Ken Morris Jr. found the numbers he heard Tuesday particularly interesting.
The data, presented by the Cedar Rapids Civil Rights Commission Tuesday, stated that children of color in the Cedar Rapids Community School District disproportionately receive more in-school and out-of-school suspensions.
"It's so easy to kind of step out on the outside and look at those people and kind of consider them 'the other,'" said Morris, the manager of student equity in the office of learning and leadership at the Cedar Rapids Community School District as well as the African-American Fellow at Cedar Rapids-based Diversity Focus. "I think a lot of times, we have to do our own self-assessments and we have to address our own biases.
"We have to address our privileges, and I think that sometimes, we don't see it."
Sometimes, a child can misbehave simply because he or she is hungry, he added. For some, school may be the only place where they receive attention.
According to data in the report, titled State of Equity, children of color represent 22.8 percent of students in the Cedar Rapids school district. However, the same group accounts for 45 percent of in-school suspensions and 51 percent of out-of-school suspensions.
By contrast, white children represent 77.2 percent of the population in the school district and account for 55 percent of in-school suspensions and 49 percent of out-of-school suspensions.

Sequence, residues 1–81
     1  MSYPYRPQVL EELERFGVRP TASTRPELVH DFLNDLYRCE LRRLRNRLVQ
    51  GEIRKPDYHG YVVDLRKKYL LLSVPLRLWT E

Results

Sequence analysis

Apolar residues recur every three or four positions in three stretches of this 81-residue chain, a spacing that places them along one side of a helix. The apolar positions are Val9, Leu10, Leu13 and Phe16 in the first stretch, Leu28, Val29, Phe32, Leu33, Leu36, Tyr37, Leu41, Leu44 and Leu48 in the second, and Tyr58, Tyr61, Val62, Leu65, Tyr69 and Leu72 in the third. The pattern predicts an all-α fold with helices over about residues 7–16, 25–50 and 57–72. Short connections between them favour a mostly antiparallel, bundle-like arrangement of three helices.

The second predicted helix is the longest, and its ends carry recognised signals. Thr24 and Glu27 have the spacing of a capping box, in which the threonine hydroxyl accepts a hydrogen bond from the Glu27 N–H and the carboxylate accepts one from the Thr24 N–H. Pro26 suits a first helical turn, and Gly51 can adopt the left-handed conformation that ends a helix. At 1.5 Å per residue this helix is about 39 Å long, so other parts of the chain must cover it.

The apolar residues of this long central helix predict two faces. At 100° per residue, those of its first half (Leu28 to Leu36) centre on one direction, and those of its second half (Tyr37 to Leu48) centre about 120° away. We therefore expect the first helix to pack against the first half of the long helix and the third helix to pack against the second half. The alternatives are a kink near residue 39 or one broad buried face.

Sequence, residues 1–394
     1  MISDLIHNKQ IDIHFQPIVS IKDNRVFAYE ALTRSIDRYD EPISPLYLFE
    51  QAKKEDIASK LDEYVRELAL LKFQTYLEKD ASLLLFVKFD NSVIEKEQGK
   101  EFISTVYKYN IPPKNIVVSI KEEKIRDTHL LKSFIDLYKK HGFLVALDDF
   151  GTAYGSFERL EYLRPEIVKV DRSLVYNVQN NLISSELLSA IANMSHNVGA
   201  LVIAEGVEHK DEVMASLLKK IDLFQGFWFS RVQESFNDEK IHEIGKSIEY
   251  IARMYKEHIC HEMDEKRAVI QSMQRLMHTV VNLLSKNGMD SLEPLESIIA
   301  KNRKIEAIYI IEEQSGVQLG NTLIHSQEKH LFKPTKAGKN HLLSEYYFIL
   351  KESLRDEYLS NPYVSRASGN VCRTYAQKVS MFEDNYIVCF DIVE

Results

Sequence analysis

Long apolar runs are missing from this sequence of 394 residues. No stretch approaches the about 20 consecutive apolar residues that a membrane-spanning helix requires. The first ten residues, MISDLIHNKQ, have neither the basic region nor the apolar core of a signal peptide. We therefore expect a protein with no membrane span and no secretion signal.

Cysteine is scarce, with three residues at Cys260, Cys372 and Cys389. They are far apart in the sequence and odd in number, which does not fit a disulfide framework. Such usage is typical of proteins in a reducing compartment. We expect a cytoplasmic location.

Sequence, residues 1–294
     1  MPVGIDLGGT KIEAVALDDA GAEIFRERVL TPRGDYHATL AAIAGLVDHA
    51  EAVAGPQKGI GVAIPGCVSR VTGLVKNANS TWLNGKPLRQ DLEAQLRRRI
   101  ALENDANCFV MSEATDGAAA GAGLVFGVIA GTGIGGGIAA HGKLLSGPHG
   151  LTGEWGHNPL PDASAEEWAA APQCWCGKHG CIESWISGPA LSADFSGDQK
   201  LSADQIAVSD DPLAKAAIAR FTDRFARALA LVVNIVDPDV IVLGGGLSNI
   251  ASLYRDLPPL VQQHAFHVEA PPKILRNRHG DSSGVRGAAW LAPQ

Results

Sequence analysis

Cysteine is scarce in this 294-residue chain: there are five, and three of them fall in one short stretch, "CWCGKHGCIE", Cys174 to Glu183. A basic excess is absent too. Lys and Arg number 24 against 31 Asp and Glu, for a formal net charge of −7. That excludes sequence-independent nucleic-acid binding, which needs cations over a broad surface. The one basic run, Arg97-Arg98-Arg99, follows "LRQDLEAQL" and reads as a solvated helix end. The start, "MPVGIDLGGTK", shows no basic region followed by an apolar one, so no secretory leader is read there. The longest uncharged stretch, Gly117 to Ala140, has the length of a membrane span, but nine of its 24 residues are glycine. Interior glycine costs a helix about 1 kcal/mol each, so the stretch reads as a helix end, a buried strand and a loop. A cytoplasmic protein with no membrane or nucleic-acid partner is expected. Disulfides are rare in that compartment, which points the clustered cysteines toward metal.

Children of low socioeconomic status account for 46.2 percent of the district's population. They represent 80 percent of in-school suspensions and 86 percent of out-of-school suspensions.
English-language learners, who represent 2.9 percent of the school district, account for four percent of in-school suspensions and two percent of out-of-school suspensions.
The findings were presented as part of the first State of Equity in Cedar Rapids. About 85 people were in attendance for the 2 p.m. presentation at the Cedar Rapids Public Library. A second presentation was set for 7 p.m.
The findings were presented by John-Paul Chaisson-Cárdenas, executive director of the Civil Rights Commission. To compile the information, the commission brought together six committees in November and December of 2013. Eighty-nine individuals participated in the process.
On Tuesday, participants offered comments on the findings, which were presented on large poster boards.The final State of Equity report will be published April 23, along with presentations and discussions about next steps, at the DoubleTree by Hilton Hotel in downtown Cedar Rapids.